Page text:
I’m sure you have heard folks say, “Young children need to enter a warm and inviting classroom.”
Let’s talk about the “warm” part for just a minute by taking a looking at the attributes of a warm classroom.
The Five Attributes of a Warm Classroom
A warm classroom isn’t referring to the physical temperature of your room, although no one wants to spend all day in a chilly classroom. A warm classroom environment is referring to the child’s overall social and emotional feelings that come from his or her classroom experiences.
In a warm classroom, the children experience a feeling of belonging, safety, confidence, independence and kindness.
Being intentional in your efforts to include these five attributes of warmth will warm up your classroom.
I Belong Here
Simple things can promote a sense of belonging like: The child finds his name written clearly on a chart; He has his very own cubby; his artwork hangs where he can see it and talk about it; and a photo of his family is hanging on the wall. These simple things all send a signal to the child that he belongs here.
I feel Safe and at Ease Here
The feeling of safety is promoted in many different ways. Personal safety comes when the child feels that nothing bad will happen to him. Emotional safety comes when respect towards each other (teacher-to-child and peer-to-peer) in what is said and done is always present, encouraged, and reinforced. Young children feel at ease when there is a sense of emotional safety. Having conversations and modeling behaviors that promote an atmosphere of respect and kindness facilitate a warm Environment.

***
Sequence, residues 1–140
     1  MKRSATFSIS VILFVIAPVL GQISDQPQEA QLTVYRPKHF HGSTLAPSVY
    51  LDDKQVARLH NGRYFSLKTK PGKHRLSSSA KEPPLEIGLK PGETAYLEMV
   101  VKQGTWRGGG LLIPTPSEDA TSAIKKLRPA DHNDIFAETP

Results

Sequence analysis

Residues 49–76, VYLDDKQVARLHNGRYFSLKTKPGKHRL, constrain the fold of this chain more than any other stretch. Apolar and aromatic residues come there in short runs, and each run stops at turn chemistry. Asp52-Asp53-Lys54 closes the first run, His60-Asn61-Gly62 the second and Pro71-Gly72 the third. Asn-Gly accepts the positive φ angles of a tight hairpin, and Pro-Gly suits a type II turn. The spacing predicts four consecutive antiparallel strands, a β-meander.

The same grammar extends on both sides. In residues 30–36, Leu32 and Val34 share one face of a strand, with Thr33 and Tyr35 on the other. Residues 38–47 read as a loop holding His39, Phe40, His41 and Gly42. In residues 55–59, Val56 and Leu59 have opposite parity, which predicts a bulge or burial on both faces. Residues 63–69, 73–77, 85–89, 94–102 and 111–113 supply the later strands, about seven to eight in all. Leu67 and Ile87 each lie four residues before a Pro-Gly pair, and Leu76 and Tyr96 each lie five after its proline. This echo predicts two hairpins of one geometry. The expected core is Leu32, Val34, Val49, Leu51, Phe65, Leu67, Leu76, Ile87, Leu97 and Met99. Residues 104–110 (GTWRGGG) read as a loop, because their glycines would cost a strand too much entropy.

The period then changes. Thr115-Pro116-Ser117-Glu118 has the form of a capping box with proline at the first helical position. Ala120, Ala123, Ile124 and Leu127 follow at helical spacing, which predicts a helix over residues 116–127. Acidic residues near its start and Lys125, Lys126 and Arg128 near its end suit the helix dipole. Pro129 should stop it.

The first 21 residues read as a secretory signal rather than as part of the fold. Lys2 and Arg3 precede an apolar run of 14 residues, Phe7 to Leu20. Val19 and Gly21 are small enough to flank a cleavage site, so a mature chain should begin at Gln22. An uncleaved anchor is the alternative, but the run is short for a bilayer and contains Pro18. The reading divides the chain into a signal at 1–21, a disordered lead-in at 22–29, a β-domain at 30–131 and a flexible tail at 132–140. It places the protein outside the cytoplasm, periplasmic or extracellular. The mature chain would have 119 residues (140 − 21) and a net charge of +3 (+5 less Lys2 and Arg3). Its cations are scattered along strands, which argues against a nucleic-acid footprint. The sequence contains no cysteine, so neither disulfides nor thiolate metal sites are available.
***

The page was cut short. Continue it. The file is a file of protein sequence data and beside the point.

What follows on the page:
I Feel Confident Here
Confidence also comes when the child feels invited to be try her own ideas, think creatively, and when she feels not only an invitation to explore but also the freedom to choose, explore, test, try, and play with the things you provide around the classroom. Finally, confidence is promoted when the child knows it is okay to make mistakes and feels empowered to make choices and decisions.
I Can Do Things By Myself Here
Independence is promoted as the child learns to navigate the day without the need of constant direction from the teacher. You can promote independence (and ultimately competence and confidence) by helping the child learn to do things by all by himself. Building new skills like hanging papers on an easel, putting papers away in cubbies, learning to zip up jackets and put on mittens, and serving his or her own snack all lead towards a feeling of independence, confidence, autonomy and having some control over one’s own life and destiny.
I Know They Like Me Here
All young children need the assurance that they are liked by their teachers and their peers. A thoughtful comment, using a kind voice, and taking that extra minute to listen to a child tell his stories reinforces the feeling that you are interested in him and that you like him. And don’t forget, one of the most simplest ways to reassure a child that he or she is liked, appreciated, and valued is to smile. Not just any kind of smile but one of those genuine kind that say’s “I just really like you.”